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Quebec could ban evictions aimed at transforming housing into Airbnb



Housing Minister France-Élaine Duranceau says she is open to putting in place measures to prevent tenant evictions by landlords who want to turn their homes into Airbnbs, and other changes to better protect tenants.

“Vulnerable people who are thrown out of their homes after years, for what I would call ordinary reasons, I find it deplorable and I do not intend for it to continue,” said Minister Duranceau on Friday. at a press conference in Laval where she inaugurated social housing.

She explained that she is currently reviewing all the rules affecting landlords and tenants, with her parliamentary assistant, the member for Labelle Chantale Jeannotte.

“Whether it’s the question of evictions for Airbnb, the F clause, wild renovictions, we will act on it”, assures Mme Duranceau.

Clause F allows the owner of a new building, for a period of five years, to impose on his tenants a rent increase that is not subject to the calculation grid of the Administrative Housing Tribunal, which translates often by large increases.

“I am open to anything because I am in the process of consulting. I don’t want to do things piecemeal, and I don’t want it to take months and months. We will wait for the recommendations,” added the Minister.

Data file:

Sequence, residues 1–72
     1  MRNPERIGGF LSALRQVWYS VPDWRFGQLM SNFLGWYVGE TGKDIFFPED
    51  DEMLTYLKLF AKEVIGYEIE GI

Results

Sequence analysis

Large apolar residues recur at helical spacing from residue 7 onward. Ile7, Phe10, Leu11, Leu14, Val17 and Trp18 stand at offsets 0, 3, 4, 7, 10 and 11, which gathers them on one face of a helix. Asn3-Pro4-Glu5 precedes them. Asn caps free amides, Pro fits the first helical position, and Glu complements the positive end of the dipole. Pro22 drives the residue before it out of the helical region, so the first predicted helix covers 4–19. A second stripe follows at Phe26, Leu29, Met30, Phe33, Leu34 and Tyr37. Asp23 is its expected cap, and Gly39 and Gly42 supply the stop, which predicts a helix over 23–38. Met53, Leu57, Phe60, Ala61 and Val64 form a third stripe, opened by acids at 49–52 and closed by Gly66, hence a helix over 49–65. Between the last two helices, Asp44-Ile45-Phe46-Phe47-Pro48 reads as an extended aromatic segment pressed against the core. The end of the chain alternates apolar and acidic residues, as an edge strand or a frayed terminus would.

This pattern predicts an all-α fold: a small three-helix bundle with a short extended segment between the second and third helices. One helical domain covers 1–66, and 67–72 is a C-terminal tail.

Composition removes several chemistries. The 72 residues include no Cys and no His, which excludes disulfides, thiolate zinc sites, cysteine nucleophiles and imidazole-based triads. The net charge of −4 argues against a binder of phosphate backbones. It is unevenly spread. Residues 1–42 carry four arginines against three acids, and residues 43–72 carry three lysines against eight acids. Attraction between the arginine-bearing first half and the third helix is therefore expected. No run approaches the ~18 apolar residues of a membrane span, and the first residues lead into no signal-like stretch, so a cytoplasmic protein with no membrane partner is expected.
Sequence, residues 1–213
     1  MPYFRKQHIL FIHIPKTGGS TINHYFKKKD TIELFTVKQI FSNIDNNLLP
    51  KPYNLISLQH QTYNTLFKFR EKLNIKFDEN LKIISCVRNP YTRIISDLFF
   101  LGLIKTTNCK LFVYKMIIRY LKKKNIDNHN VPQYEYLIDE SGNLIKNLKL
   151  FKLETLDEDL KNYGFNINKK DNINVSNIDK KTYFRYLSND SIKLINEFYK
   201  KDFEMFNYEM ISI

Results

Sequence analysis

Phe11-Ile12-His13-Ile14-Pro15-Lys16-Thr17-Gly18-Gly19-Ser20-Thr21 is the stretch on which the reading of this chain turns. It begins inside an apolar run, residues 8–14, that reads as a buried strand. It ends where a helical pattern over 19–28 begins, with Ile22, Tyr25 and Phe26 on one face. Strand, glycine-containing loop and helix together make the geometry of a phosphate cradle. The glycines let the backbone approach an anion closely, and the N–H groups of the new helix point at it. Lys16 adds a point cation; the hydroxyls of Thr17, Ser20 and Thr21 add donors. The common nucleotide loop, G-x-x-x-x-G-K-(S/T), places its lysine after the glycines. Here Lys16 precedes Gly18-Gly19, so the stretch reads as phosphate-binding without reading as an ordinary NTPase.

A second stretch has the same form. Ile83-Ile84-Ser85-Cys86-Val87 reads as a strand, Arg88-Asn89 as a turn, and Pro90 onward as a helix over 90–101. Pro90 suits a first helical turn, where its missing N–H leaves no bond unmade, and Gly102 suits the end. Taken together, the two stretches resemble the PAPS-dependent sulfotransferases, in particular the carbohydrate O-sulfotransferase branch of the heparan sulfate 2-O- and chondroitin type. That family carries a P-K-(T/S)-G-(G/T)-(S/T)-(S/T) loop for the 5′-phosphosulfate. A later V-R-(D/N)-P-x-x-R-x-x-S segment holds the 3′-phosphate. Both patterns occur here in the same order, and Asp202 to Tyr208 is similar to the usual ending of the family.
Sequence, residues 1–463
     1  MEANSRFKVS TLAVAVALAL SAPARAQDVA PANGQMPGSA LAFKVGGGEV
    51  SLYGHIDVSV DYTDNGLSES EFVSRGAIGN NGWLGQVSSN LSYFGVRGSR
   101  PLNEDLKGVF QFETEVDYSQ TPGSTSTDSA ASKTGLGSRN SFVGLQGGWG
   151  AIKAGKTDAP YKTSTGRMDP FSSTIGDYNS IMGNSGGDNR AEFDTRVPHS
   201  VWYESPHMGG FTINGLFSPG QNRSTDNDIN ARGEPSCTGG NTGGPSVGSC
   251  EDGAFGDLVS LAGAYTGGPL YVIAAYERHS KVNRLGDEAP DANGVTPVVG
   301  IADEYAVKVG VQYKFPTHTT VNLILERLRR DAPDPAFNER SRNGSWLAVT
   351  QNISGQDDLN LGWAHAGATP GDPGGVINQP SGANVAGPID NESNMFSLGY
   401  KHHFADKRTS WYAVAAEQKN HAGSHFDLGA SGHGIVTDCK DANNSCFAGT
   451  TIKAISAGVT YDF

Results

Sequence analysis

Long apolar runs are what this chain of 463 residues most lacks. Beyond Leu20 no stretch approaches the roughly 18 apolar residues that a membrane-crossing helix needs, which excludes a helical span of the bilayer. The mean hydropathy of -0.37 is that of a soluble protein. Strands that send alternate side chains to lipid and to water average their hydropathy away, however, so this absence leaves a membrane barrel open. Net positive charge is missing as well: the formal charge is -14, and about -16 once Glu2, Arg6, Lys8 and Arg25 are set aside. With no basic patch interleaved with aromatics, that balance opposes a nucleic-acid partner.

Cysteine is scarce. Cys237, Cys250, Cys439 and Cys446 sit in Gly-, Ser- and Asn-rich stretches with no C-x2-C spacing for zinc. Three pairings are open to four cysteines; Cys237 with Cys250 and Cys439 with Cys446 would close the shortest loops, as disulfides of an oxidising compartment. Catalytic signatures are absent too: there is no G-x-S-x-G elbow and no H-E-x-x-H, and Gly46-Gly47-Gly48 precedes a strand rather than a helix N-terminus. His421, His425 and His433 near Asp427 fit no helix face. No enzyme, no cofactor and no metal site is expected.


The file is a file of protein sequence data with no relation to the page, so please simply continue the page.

On Wednesday, Quebec solidaire called on the government to ban tenant evictions in cases where landlords want to rent their homes short-term instead on platforms like Airbnb, citing two recent cases in Montreal, one in Hochelaga-Maisonneuve. and one in Old Montreal.

France-Élaine Duranceau also commented on the negative reactions to her government’s decision, announced last week, to end the AccèsLogis program for financing social housing.

“The name of the program is not important. What Quebecers want is for us to deliver housing, for there to be results,” she said.

She explains that the government will continue to create social housing through subsidies for the construction of projects and through its rent supplement program, which provides that low-income tenants pay no more than 25% of their income.

As for the new Quebec Affordable Housing Program (PHAQ), intended to provide financial support for affordable rental housing projects for low-income households, which has drawn its share of criticism, the Minister promises an improved version to correct its defaults.

Mme Duranceau also promises to finance projects that have been promised funds from the AccèsLogis program, but are still waiting for their money to build housing.

The Minister of Housing made the comments at the inauguration of the Val-Martin project in Laval, where 124 dwellings were rehabilitated and 235 new units were built, thanks to federal, provincial and municipal funding. Ottawa invested 33.6 million, Quebec 35.5 million and Laval 20.3 million. A final building currently under construction will also house the new Simonne-Monet-Chartrand community center, in which the City has invested 25 million.

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